“Do you really think I’d be crazy enough to mess around with your wife?” Luke said. “I mean think about it.”
“It’d be a stupid thing to do,” Dale said. “That’s for damn sure. Especially for a fuckin’ school boy.”
Dale laughed and Luke laughed with him.
“Well, I know she’s been messin’ around with someone,” Dale said. “For a little while, I was thinkin’ it might’ve been you.”
“What made you change your mind?” Luke said.
“I don’t know. I guess it just didn’t make no sense that you’d have the balls to follow me out here if it was you that was messin’ around with her.”
Luke didn’t say anything. The black swamp mud on his face seemed to absorb the heat of the direct sunlight. His face felt hot and the dried mud began to moisten with his sweat, reactivating the swamp stench. When Dale didn’t say anything, Luke said, “Do you really think she’s cheating on you?”
“I know she is,” Dale said. “I don’t know who with yet, but I’m gonna find out.”
Again, Luke envisioned himself unwittingly walking into the sunken bayou. He saw himself struggling to stay afloat in the water-filled waders that would’ve pulled him to the bottom like cement blocks. The thought turned his stomach. He felt for a moment that he might vomit. He wanted to leave this place. He wanted to leave the swamp.
“I actually thought I could change her,” Dale said. “I mean she swore she’d changed. She promised me she’d not be like that nomore if we got married.” Dale had the butt of his rod stuffed into the front pockets of his jeans. He lit a cigarette and was now blowing the smoke at the mosquitoes and deer flies that shrouded his muddied face. The swarm quickly dispersed only to return just as quickly the moment the smoke cleared.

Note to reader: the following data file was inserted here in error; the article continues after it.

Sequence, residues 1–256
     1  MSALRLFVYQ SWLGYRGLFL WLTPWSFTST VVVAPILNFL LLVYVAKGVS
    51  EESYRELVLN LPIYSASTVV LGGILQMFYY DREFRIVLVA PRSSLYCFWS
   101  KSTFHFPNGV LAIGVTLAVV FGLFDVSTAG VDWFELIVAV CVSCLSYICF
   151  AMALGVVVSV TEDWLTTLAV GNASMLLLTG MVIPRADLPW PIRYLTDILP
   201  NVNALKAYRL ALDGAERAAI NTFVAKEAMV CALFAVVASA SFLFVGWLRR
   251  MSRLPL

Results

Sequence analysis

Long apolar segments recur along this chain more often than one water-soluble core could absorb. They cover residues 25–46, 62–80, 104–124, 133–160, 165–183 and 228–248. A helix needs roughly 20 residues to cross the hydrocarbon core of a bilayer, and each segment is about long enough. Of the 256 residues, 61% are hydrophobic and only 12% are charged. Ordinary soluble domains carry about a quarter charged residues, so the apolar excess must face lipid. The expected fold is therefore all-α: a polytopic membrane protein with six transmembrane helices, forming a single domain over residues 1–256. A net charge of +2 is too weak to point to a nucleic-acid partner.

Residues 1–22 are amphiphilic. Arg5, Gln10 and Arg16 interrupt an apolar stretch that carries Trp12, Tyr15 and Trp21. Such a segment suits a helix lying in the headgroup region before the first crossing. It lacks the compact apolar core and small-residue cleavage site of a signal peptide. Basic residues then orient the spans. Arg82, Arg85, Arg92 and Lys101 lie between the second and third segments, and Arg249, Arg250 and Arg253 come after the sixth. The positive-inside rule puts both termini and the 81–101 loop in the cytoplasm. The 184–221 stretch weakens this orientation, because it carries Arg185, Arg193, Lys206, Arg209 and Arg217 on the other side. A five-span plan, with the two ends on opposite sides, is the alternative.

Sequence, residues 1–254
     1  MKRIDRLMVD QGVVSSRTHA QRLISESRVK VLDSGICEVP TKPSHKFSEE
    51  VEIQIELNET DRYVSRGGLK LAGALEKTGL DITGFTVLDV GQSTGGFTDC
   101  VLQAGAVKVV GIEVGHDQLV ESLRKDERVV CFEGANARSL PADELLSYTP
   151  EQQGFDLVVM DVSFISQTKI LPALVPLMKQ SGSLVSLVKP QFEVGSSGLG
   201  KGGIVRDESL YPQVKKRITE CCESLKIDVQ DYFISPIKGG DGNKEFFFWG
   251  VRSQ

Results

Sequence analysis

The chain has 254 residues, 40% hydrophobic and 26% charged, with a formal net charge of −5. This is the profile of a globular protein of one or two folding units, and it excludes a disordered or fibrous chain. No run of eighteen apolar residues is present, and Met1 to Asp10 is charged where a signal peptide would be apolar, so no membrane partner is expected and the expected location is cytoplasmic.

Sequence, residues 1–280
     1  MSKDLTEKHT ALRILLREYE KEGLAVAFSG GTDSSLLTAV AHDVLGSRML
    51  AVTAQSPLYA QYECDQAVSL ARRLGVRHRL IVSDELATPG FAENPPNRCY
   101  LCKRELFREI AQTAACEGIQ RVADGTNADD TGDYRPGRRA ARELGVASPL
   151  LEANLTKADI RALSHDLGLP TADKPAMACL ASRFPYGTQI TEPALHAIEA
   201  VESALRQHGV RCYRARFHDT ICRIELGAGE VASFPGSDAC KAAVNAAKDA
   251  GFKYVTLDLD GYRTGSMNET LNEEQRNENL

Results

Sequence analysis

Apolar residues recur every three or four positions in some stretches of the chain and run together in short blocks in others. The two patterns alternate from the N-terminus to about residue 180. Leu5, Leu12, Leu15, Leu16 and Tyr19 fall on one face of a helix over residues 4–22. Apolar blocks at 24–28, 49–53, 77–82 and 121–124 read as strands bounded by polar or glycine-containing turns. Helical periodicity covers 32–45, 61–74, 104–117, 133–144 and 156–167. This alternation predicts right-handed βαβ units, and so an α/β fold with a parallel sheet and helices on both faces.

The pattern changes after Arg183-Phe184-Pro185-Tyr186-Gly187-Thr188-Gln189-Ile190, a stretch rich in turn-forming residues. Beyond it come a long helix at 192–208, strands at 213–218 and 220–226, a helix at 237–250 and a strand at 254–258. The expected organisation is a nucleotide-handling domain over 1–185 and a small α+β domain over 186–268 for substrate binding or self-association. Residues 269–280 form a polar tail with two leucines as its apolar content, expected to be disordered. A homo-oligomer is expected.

Luke didn’t know what to say. He didn’t know Yvette had been that way before. There’s no way he could have known. But, now that he did know, he wasn’t surprised. “I guess some people don’t change,” he said.
“Not people like her,” Dale said. “God, what was I thinkin’? How could I’ve been so fuckin’ stupid gettin’ mixed up with a girl like her?” Dale reeled in his line and recast it toward the far edge of the channel.
Luke couldn’t be sure, he couldn’t see Dale’s face behind the mud, but it sounded like he was crying. Luke looked away. He didn’t want to see Dale like that. It sickened him to hear Dale sound so pained. To realize that a big man like him had it in him to feel that way. The more oblivious Dale was to what was actually going on, the more pathetic he seemed, and Luke wanted to be free of it. He wanted to leave this place. He wanted to ask Dale if they could go.
Luke thought about the nights out at Dale’s trailer. He thought of one recent night in particular. It was after the night shift and Luke and Dale and Yvette were drinking and getting high. They were up all night playing cards and laughing and having a good time the way they had all those times before. Only on this night, Dale had passed out in his Lazy-Boy, leaving Luke alone with Yvette.
Luke continued to sweat and the mud was now wet again on his face and beginning to run. The foul odor had become as strong as when he’d first applied the mud back at the pickup. Luke positioned the rod and reel between his thighs. With his hands free, he attempted to refashion the wet mud on his face into a mask. He didn’t want to be uncovered. He didn’t want to be exposed to the swamp and to all that could harm him there.
David P. Langlinais is a freelance copywriter from southwest Louisiana who currently lives in Dallas, Texas. His work has appeared or is forthcoming in South Dakota Review, Saint Ann’s Review, Los Angeles Review, Prick of the Spindle, Lost in Thought, Big Muddy, The MacGuffin and others. This story is included in his book Duck Thief and Other Stories. Read his previously published story Big Damn Pears here.